Absence of education regarding hazards and appropriate eye protection has resulted in eye injuries at home representing an increasing proportion of all eye injuries (58). Hammering and grinding metal (59) and falls are commonly associated with eye injuries in and around the home. Falls are a particular risk factor for young pre-ambulant children and the elderly, and can result in severe eye injuries (59). More education about hazards at home and the need for eye protection, for those at risk, is clearly needed.
Road traffic-related injuries
Road traffic-related ophthalmic trauma has been reported as a significant source of eye injuries (60). Developments in motor vehicle design and regulations, including laminated windscreens, seatbelts and airbags, have contributed to reducing motor vehiclerelated eye injuries in developed countries (61). Developing countries such as India, however, continue to report high numbers of road traffic-related ocular trauma (62).
The cost of eye injuries
We do not have a complete picture of the costs and impact of eye injuries. The most comprehensive data on the impact of eye injuries was published by the World Health Organization in 1998 (8) with an estimate of 55 million eye injuries restricting activity by more than one day occurring every year internationally. An estimated 13/100,000 people suffer an eye injury that requires hospitalisation, and 19 million people suffer from unilateral blindness or low vision from trauma annually. More than 20 years on, the incidence of eye injuries has been estimated at between 11.9 and 25.5/100,000 in Australia (11) (63).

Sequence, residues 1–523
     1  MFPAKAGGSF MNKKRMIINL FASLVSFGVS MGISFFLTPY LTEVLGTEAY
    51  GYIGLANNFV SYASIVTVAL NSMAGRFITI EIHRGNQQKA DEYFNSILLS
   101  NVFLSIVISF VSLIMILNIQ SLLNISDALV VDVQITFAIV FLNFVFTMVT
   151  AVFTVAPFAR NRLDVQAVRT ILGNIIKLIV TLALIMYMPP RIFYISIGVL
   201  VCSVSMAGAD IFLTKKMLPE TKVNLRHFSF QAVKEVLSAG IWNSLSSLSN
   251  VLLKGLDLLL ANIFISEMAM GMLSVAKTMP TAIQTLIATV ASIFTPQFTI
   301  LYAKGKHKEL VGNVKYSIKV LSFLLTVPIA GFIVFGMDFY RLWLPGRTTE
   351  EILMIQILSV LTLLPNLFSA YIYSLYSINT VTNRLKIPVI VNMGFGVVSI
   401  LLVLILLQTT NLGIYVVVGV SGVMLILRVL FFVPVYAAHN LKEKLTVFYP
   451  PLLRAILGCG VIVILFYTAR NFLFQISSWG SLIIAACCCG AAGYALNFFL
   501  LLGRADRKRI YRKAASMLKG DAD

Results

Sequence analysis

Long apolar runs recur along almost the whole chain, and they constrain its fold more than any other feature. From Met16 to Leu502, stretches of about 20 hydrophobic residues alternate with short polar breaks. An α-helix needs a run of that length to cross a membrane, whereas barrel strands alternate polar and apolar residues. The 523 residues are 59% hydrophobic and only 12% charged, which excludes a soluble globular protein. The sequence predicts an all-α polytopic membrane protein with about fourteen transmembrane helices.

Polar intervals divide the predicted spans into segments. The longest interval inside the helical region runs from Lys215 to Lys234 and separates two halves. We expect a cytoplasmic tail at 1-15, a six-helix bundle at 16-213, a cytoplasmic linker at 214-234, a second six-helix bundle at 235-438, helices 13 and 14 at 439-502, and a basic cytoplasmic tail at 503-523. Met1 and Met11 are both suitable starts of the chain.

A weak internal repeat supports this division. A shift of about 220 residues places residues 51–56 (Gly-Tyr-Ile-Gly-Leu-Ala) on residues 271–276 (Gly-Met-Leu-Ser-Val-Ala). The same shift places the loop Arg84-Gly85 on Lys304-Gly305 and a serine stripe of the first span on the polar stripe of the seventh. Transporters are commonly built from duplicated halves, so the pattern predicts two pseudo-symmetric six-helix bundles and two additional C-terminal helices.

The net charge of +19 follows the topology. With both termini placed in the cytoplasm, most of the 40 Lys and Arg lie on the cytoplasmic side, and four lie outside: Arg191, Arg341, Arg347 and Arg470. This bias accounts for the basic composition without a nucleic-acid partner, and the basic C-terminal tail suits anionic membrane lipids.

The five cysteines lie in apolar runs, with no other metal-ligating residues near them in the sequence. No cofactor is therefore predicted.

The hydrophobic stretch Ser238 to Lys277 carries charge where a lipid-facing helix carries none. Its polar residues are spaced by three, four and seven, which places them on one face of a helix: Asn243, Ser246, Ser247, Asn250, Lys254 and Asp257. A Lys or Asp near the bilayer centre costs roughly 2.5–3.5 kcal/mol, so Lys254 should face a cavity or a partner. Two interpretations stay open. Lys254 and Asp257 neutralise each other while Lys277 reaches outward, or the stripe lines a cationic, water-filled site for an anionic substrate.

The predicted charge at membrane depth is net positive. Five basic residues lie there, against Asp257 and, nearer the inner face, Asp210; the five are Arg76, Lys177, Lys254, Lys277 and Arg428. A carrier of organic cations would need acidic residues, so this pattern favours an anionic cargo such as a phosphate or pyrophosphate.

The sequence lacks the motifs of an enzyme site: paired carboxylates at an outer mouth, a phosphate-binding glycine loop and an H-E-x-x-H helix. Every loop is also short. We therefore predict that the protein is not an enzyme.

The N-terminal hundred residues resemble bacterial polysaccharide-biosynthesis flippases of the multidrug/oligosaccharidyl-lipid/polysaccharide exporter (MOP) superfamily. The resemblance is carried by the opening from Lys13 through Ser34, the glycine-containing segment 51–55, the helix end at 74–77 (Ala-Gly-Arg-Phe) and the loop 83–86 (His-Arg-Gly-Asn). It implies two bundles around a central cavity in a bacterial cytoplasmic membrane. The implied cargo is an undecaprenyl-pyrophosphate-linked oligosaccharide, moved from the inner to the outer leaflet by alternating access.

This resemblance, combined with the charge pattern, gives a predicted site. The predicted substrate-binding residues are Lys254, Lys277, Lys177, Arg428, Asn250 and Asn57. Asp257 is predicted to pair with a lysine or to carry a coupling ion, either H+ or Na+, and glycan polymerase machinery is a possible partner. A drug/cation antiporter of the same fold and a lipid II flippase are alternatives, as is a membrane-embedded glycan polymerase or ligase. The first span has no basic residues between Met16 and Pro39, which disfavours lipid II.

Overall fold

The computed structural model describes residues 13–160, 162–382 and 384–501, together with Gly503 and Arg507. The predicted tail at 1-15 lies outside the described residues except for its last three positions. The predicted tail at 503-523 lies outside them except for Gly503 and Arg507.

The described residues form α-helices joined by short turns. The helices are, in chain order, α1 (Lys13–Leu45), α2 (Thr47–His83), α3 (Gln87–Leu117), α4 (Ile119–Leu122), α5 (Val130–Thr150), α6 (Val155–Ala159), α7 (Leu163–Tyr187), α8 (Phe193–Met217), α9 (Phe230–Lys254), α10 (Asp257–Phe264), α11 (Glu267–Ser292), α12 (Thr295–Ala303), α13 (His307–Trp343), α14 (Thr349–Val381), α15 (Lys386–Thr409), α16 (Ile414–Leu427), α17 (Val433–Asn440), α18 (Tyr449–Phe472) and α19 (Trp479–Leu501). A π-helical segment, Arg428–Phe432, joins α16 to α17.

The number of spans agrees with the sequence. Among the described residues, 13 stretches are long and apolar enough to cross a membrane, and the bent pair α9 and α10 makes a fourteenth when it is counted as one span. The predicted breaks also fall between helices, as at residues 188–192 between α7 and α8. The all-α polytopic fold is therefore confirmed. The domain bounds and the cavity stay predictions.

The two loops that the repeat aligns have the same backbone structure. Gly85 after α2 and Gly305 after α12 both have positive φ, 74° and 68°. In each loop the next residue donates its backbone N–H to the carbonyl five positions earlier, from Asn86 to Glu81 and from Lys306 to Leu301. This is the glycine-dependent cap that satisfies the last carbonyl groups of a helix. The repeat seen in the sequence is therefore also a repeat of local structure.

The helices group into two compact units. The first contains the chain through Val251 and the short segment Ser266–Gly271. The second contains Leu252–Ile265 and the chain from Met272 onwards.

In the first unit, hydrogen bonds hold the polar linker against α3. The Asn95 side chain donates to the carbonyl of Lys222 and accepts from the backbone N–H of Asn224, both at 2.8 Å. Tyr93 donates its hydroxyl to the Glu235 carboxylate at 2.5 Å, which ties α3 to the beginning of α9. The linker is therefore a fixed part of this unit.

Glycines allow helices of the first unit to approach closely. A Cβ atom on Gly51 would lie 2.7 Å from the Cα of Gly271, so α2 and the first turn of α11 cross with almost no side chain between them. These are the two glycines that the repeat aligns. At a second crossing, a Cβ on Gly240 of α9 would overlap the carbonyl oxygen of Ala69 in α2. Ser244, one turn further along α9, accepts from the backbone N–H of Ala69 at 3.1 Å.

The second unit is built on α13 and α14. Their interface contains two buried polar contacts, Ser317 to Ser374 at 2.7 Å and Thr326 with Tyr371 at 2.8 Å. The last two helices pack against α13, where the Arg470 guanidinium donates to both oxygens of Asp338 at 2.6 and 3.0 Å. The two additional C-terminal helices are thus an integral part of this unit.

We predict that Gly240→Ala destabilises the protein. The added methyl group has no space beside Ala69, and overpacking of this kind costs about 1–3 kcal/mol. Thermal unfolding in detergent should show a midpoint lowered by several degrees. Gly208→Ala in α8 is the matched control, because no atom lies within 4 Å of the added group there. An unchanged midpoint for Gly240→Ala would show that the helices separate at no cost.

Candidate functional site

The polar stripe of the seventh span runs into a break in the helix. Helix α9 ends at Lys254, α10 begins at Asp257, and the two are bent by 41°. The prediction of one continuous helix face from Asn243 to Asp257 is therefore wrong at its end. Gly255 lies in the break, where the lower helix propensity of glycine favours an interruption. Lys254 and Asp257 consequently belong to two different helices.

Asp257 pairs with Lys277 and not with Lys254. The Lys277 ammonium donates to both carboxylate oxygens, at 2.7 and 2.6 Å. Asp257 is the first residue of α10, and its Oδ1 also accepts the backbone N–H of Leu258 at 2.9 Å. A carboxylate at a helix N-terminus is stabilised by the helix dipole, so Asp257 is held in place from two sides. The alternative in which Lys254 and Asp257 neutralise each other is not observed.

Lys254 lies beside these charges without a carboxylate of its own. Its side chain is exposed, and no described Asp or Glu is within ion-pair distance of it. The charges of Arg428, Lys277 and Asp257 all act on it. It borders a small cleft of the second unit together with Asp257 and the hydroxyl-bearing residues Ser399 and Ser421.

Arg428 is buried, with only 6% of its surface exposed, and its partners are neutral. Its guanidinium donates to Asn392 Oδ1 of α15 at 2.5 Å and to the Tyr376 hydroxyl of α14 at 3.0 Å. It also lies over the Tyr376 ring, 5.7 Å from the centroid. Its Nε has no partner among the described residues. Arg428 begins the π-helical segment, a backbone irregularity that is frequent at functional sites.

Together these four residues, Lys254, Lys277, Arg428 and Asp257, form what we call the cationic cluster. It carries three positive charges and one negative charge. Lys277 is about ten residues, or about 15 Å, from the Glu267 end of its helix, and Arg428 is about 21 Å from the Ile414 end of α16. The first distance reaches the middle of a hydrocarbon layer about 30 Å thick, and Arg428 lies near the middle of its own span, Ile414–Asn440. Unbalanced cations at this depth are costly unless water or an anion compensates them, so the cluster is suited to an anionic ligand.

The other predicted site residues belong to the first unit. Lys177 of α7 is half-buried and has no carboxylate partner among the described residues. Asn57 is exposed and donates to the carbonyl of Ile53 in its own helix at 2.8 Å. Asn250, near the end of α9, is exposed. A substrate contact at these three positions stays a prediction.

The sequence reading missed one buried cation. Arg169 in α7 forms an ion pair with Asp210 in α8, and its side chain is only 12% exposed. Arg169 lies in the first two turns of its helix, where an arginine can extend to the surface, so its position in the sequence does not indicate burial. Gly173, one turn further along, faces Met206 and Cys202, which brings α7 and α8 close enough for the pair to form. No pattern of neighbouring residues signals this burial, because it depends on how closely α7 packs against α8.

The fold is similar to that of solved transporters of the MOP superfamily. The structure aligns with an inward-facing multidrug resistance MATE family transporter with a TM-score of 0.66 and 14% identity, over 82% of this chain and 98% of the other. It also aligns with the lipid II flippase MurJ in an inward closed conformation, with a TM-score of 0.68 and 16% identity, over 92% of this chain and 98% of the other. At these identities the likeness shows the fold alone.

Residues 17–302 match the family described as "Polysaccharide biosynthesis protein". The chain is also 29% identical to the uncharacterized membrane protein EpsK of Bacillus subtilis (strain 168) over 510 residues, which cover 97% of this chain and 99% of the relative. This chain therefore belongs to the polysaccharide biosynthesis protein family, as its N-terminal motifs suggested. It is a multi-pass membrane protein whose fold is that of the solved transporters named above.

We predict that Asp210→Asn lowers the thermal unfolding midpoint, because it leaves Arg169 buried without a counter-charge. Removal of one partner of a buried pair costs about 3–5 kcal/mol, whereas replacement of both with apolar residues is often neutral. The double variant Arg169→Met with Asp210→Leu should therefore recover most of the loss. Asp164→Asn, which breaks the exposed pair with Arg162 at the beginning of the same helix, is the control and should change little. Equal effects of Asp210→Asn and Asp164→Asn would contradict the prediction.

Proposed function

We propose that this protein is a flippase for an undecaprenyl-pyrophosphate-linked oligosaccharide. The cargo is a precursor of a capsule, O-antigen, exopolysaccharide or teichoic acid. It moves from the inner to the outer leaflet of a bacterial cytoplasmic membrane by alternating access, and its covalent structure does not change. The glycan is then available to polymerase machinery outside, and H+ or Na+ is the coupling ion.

Figure 5: Hierarchy of controls for hazards
The damage caused by injuries extends far beyond direct medical costs, and has economic, social and psychological implications. There is limited data detailing the cost of ocular trauma, but an estimate of the total cost of eye injuries in the US in 1990 was US$200 million (64). In Australia, the average medical cost of an eye injury requiring hospitalisation was calculated to be AU$23,717, with a total annual cost of approximately $155 million in 1995 (65). The number of eye injuries requiring hospitalisation in the five years to 2015 in Australia was 52,000 (11) and the average cost was AU$181,322 per injury (63). The direct medical cost of eye injuries in patients admitted to hospital per year in Australia could therefore be extrapolated to be AU$2,357 million.
Eye injury prevention
A focus on the improved treatment of eye injuries is an important developing subspecialty in ophthalmology. However, prevention remains the most effective measure. The aim should be to avoid exposure to hazards, with elimination, substitution, engineering controls and administrative controls reducing risk and personal protection equipment (PPE) representing the last line of defence in the hierarchy of hazard controls (see Figure 5).